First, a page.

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Do/does/did: affirmative, interrogative and negative forms
Let's come back to fundamentals, those which, if they're not properly mastered, stop and unsettle true (and false) beginners willing to improve their English and understand how this simple phenomenon works.
There are auxiliaries such as "BE" and "HAVE", and those that young (and older) beginners know (can/ can't/ must/ mustn't) and then comes the tricky need to turn these "ordinary" verbs ( arrive, come, play, work, walk, run, etc.) into interrogative and negative forms - You must have noticed that they are both regular AND irregular verbs).
Yet, it's quite easy to do that, and we're going to do it together.
1. 1. The affirmative form of "ordinary" verbs: "ordinary" verbs follow the pattern: subject + verb + complements.
· - The kids watch cartoons every day after school.
- Jesse usually plays tennis on Saturday afternoons.
2. Let's turn an "ordinary" verb into the interrogative form: then, we must use what is called an "auxiliary" which helps us build our structure: it will be the auxiliary DO. In the third person singular, it becomes DOES; both will follow the pattern:
AUXILIARY + subject + base verb + ?
- Do the kids really watch cartoons every day after school?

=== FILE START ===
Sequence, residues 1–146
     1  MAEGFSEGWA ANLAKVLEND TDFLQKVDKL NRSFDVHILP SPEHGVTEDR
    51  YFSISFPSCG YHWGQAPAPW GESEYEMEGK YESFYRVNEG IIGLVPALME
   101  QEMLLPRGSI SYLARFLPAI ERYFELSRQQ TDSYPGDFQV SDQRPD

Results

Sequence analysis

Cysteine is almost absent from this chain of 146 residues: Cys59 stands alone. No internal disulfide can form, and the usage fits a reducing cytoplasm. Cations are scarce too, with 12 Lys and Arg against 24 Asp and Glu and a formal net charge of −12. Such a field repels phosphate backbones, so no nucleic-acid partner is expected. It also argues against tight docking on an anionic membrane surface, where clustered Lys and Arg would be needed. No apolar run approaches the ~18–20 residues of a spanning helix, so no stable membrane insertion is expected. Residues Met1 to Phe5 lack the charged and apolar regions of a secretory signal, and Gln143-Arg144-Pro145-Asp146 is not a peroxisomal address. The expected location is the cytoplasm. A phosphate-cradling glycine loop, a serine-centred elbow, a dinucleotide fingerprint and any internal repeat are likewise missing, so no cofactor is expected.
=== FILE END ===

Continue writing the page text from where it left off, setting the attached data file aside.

· - Does Jenny usually play tennis on Saturday afternoons?
3. Let's turn an ordinary verb into the negative form: we'll use the DO/DOES auxiliary again and it will be followed by NOT according to the following pattern: Subject + DO/DOES + not + base verb + complements...
- The kids don't really watch cartoons every day after school. That's too much TV!
- Jenny doesn't play tennis on Saturday afternoons but she plays on Wednesday afternoons.
4. Learn to make a difference between DO/DOES (the auxiliary) and the "ordinary" verb DO/DOES ("I do my work after school"). This very ordinary verb follows the pattern which was described above.
· - Tom does his homework after school.
· - Does Tom do his homework at school or after school?
· - Tom doesn't do his homework after school.
5. When DO becomes DID: in the preterite, (in the past simple ) the auxiliary of "ordinary" verbs, the auxiliary becomes DID all along and follows the same patterns as DO/DOES in the interrogative and negative forms.
- Yesterday, Jenny played tennis all morning!
- Did Jenny play tennis in the morning ? Yes, she did.
- Jenny didn't play tennis in the afternoon, yesterday.
That's very "easy" when you get used to it, but it is so useful and fundamental... The same process will be adapted to all the other auxiliaries you'll meet as you progress in your knowledge of English. Good luck!
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